Brittini A. Hill
Dolphins will play with just about anything they can find. You may have seen pictures of the spotted dolphins playing with sargassum, scarves, sea cucumbers, or even plastic. On our last trip to the Bahamas, we came across four dolphins playing with something we don’t see quite as often.
As we slid into the water and kicked towards the dolphins milling near the front of the boat, they appeared to be circling and playing with something in the water. Immediately, two filefish swam toward us with the dolphins close behind. The fish attempted to use us as shelter, darting from person to person, pressing their flat bodies against our arms or large cameras.
While there are over a hundred species of filefish in the Monicanthidae family, only a few inhabit Bahamian waters. The fish we encountered appeared to be orange-spotted filefish. Filefish are flat with a protruding snout and a sharp spine on their foreheads. They are found in shallow water around coral and rocky reefs. The young swim in the open ocean and are important prey items for tuna and billfishes, but the adults are rarely consumed. The dolphins do not eat filefish, but are seen playing with them from time to time. Like many other fish, filefish can lighten and darken the color of their skin. We observed these two changing colors, with white strips appearing and disappearing down the sides of their bodies.
The three dolphins, Jammin, Zahara, and Lettice continued to pursue the filefish. They chased, dove, echolocated, and pushed the fish along with their rostrums. The dolphins made no attempts to eat the fish, but were intent on their game of chase. When the fish hid behind my camera for too long, Zahara blew a bubble of what seemed to be frustration that her toy was just out of reach.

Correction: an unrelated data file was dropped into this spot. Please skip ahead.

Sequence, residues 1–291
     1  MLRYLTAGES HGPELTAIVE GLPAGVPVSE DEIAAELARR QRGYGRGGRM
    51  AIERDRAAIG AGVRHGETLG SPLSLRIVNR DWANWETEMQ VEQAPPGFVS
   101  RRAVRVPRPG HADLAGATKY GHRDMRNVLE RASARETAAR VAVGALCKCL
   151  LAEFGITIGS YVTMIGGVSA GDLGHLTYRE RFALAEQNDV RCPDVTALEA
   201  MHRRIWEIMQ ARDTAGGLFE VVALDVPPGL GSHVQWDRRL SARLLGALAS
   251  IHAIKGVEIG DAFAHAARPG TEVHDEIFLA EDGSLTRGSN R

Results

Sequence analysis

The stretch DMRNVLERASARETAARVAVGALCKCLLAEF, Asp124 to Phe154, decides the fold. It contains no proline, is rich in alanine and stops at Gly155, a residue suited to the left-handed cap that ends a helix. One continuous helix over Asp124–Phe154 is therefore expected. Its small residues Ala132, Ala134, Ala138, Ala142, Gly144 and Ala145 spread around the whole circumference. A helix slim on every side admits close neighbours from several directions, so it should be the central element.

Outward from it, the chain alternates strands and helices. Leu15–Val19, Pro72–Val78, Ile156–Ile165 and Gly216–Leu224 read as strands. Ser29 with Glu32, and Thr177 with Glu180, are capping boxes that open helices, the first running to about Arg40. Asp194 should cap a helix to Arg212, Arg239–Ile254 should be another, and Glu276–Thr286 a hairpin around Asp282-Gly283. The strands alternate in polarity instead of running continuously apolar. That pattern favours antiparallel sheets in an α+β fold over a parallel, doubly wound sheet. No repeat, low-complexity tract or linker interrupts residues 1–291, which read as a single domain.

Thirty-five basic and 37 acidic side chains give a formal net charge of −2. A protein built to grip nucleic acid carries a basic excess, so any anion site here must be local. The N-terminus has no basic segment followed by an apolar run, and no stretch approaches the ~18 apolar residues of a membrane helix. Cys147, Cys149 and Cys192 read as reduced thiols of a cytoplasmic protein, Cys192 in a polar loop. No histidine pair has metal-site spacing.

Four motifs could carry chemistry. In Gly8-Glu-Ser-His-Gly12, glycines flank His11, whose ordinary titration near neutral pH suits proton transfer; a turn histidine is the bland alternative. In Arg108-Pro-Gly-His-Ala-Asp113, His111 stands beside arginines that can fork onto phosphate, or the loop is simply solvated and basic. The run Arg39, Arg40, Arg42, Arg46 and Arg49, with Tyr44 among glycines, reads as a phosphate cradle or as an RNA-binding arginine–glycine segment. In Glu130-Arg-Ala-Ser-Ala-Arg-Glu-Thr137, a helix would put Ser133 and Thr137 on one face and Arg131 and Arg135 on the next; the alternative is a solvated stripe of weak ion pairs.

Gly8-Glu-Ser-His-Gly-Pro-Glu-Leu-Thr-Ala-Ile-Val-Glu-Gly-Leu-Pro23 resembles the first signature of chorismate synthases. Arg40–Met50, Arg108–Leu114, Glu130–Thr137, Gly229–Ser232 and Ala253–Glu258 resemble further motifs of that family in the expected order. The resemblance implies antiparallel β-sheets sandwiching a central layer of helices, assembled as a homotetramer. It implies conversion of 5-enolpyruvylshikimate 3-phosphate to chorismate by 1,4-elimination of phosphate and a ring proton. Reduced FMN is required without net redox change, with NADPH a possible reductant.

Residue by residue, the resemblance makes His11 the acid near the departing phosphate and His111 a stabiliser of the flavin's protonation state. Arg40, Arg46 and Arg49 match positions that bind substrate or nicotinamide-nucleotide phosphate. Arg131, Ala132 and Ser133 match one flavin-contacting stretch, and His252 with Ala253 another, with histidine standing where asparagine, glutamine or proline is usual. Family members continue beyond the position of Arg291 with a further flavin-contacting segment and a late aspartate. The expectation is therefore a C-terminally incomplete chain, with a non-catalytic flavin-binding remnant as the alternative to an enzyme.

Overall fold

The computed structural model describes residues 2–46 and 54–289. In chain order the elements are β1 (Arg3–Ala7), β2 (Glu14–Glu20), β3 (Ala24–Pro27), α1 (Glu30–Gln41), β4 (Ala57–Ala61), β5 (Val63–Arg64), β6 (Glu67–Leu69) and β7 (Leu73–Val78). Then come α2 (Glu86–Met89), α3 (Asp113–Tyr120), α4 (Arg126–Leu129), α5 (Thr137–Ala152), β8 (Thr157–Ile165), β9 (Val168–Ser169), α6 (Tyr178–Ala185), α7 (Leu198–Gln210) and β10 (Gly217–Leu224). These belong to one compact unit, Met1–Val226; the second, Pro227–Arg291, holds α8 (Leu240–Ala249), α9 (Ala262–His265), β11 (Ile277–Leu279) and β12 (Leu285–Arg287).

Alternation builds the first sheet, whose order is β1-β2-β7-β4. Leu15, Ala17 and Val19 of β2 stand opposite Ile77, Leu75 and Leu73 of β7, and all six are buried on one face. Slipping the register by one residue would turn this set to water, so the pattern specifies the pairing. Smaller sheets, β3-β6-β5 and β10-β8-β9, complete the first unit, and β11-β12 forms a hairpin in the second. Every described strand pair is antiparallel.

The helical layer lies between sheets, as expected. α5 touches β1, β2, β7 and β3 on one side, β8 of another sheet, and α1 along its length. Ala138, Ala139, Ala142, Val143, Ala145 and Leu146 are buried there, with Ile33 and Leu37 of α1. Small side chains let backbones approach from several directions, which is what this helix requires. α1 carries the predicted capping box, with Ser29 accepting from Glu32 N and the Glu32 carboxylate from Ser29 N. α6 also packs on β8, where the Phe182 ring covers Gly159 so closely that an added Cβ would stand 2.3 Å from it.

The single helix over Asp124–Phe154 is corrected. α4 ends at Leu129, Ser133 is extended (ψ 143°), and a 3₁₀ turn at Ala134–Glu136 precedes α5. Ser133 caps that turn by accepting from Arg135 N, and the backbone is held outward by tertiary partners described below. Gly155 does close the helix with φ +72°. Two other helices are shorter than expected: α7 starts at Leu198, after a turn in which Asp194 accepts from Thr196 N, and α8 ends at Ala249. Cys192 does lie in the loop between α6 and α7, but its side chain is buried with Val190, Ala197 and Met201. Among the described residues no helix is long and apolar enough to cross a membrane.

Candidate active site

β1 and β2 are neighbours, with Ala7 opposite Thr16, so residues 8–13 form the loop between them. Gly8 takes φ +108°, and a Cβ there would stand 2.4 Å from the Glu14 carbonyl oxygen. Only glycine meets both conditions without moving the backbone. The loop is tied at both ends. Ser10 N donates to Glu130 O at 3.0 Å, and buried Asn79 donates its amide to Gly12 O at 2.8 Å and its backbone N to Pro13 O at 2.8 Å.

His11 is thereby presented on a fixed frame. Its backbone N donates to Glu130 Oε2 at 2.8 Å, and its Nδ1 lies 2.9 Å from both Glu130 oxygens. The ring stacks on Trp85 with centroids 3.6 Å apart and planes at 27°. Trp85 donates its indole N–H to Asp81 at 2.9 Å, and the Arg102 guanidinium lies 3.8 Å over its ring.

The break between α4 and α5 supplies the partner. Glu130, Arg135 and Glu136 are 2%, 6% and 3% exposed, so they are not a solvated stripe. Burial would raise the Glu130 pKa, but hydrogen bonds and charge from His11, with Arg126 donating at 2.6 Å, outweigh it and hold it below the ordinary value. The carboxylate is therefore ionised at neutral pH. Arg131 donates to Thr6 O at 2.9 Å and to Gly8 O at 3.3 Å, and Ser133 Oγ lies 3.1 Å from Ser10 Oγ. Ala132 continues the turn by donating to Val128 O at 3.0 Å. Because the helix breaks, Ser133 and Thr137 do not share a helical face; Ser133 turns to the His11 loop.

After Zahara blew a bubble, I decided to dive in an attempt to lose the filefish—to return the dolphins’ toy and prevent any further frustration. While play may be fun, it’s more than that. Just like with human children, play helps dolphins develop problem-solving and motor skills. It strengthens social bonds and can serve as practice for important behaviors like foraging, fighting, and mating.
The dolphins continued their play until the filefish swam under the boat and flattened themselves against the inboard starboard hull. The fish escaped the encounter relatively unharmed. It is always a privilege to observe the dolphins’ natural behaviors and very special to see something so unique. Perhaps Jammin, Zahara, and Lettice will take what they learned from playing with the filefish and apply those lessons to their next foraging excursion.